The Rocky Mountain Goods’ Standard Cup Plunger is the best-selling plunger for flat-surfaced fixtures. It is a pocket-friendly plunger that comes with a 4-inch head which allows for more pressure to unclog drain than a standard cup plunger. It features a high-grade rubber cup and a wood handle.
The Liquid-Plumr Mini Plunger is a good alternative to the traditional standard sink cup plunger. It is sturdy, easy to use, affordable and provides enough suction power to clear even the toughest clogs from sink, tub, and shower drains.
It features a 5″ flat, heavy-duty rubber bell cup for stubborn blockages. The compact size and non-slip grip handle provide additional leverage to make it easy to use
Why have a Toilet and a Sink Plunger Separately?
These are created for different applications. While toilet plungers are designed for toilet drains while sink plungers are designed for flat surfaces such as sinks.
It is also crucial to have separate plungers because of hygiene concerns. For obvious reasons, you do not want water from the toilet to be anywhere near the water you use for your hands and face. Hence just get separate plungers one for the toilet and one for the sink.
Toilet & Sink Plunging Tips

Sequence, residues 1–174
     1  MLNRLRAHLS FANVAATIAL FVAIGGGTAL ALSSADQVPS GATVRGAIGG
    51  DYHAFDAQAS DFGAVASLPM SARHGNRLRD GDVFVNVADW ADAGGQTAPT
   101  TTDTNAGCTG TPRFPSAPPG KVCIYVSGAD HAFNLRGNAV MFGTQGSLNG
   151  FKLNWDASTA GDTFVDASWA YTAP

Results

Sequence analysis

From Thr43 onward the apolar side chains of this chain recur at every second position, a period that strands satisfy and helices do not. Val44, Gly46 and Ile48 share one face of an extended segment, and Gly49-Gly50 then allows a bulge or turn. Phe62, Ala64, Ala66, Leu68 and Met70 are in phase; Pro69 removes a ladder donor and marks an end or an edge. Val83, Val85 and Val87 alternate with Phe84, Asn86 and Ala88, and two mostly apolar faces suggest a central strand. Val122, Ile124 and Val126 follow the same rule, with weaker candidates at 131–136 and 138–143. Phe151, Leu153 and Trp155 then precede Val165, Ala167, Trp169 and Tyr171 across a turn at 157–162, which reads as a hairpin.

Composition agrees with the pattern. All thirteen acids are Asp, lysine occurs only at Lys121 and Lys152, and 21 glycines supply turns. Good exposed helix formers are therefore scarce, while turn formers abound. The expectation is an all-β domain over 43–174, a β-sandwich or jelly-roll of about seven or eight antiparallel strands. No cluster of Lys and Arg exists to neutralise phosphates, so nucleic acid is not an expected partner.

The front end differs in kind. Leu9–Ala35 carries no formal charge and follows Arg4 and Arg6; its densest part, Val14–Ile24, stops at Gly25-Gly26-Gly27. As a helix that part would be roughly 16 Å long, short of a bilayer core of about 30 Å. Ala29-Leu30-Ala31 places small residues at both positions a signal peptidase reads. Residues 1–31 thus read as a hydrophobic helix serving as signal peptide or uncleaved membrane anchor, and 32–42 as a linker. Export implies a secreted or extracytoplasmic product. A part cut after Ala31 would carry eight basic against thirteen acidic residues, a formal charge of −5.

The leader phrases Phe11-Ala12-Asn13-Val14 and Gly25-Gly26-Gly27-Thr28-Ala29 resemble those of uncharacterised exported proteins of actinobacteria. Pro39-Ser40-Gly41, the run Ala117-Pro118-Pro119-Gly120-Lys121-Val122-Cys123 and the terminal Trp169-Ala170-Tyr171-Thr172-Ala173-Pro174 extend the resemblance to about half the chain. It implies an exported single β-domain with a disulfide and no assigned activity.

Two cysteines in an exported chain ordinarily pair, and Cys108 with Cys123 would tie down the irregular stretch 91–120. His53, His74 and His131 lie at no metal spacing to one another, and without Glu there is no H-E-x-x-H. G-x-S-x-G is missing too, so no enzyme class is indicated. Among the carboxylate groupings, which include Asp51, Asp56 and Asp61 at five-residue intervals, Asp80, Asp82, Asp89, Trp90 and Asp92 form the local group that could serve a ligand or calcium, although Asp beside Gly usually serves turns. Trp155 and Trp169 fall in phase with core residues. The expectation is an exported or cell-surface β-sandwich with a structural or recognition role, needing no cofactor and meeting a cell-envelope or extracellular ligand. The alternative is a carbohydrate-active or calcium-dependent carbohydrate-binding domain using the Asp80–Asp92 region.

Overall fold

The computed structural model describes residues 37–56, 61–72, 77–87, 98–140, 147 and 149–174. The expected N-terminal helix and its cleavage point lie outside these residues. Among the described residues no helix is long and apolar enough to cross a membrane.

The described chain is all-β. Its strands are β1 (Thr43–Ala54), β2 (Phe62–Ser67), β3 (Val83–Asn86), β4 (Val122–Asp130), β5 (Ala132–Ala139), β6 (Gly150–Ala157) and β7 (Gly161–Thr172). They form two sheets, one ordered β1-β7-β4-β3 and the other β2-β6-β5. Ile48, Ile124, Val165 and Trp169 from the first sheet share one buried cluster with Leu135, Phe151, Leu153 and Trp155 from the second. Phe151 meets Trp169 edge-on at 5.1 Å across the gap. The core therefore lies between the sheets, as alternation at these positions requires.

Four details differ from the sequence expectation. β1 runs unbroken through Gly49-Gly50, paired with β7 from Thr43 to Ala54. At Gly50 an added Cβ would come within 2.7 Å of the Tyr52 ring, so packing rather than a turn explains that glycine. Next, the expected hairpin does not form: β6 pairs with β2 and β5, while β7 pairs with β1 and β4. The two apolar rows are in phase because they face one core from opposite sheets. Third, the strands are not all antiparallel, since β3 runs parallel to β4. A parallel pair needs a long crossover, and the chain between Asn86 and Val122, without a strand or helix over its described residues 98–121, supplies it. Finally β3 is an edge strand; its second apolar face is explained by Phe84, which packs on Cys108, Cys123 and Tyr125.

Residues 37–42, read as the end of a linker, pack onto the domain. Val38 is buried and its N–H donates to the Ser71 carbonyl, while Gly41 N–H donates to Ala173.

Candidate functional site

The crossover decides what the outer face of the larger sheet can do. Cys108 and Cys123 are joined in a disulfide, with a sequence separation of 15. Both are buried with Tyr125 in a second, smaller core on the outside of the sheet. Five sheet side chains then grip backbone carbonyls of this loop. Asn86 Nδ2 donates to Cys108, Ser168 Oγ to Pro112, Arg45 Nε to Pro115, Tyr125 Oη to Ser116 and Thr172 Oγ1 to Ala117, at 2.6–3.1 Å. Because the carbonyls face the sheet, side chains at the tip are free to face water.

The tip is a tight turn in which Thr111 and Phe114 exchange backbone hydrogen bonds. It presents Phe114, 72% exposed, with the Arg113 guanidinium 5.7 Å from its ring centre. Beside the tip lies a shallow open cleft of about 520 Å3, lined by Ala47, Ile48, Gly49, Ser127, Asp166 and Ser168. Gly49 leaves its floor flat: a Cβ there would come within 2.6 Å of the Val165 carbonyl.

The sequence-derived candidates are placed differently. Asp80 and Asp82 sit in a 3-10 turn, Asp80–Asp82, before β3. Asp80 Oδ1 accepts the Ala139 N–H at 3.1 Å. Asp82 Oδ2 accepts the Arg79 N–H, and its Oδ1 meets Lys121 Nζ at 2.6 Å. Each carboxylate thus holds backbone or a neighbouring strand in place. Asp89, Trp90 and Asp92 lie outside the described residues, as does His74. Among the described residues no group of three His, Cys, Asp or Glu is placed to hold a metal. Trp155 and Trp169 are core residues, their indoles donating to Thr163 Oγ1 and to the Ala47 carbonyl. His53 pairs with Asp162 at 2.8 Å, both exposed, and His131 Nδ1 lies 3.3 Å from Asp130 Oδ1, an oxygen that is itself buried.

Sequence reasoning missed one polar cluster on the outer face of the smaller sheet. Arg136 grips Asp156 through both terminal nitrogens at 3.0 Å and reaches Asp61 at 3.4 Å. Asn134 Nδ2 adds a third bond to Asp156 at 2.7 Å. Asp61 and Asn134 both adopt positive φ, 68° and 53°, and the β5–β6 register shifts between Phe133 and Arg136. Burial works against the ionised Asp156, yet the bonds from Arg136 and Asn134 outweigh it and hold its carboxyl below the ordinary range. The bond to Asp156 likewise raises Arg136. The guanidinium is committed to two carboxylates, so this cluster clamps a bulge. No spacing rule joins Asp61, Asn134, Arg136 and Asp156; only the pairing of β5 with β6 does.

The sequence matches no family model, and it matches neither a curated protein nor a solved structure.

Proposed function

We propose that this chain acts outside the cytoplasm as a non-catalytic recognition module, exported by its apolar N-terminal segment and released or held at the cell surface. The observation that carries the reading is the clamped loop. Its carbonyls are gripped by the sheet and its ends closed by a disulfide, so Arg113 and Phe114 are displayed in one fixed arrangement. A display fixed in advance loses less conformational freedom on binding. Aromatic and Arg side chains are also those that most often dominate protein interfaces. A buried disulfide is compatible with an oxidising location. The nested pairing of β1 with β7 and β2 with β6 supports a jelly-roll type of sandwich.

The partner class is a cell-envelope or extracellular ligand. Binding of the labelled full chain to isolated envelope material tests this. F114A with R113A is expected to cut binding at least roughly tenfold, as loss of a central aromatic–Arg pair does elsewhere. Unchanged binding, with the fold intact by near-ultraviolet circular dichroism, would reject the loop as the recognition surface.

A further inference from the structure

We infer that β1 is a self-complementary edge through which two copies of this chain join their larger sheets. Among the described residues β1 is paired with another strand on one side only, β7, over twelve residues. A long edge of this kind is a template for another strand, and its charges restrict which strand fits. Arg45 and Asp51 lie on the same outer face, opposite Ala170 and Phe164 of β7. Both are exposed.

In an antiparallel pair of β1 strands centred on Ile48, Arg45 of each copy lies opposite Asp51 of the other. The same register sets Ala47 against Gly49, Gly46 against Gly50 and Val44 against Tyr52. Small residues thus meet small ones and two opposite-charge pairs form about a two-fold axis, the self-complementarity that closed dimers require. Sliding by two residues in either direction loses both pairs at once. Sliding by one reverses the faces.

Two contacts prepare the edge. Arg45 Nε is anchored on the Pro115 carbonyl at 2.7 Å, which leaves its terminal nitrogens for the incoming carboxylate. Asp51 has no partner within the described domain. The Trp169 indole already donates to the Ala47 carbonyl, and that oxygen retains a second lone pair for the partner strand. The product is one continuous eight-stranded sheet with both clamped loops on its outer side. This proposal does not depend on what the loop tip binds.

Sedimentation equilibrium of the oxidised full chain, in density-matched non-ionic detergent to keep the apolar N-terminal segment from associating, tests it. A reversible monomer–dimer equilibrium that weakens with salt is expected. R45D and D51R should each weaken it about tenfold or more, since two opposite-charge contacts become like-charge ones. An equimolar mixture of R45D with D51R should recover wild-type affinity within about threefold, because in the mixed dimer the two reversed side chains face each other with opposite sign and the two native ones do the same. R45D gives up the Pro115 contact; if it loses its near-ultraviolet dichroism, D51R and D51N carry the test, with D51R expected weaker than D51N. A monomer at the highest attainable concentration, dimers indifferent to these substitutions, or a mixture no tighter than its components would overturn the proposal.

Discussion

Even with the right plunger, you may not be doing the plunging the right way. Here are a few tips to aid you with that.
- Always use the right type of plunger on the right surface. The article above describes in detail which plunger is best on which surfaces
- Always hold up the plunger know in a vertical position perpendicular to the base of the household fitting.
- Always submerge the cupping part of the plunger fully into the water.
- Clear out air slowly using light strokes; especially for the flange plunger.
- If you’re unclogging a sink with a double sink design, ensure to seal the second sink as you work on the other. This way it can unclog the drain on both sides.
- Ensure you don’t break the suction seal as you plunge.
- Plunger size matters. Don’t use a mini plunger on a wide sink, you’ll only be introducing more negative air in the drain.
- Always check for cracks, tears, or breaks on the flange/ cup before you begin plunging.
- If you have adjacent sinks or tubs from where you’re trying to unclog, close them up as well to create positive pressure.
- Don’t indulge in forceful thrusts unless the clog is persistent.
- If the plunging isn’t helping, avoid the use of chemical treatments and simply seek professional assistance from plumbers.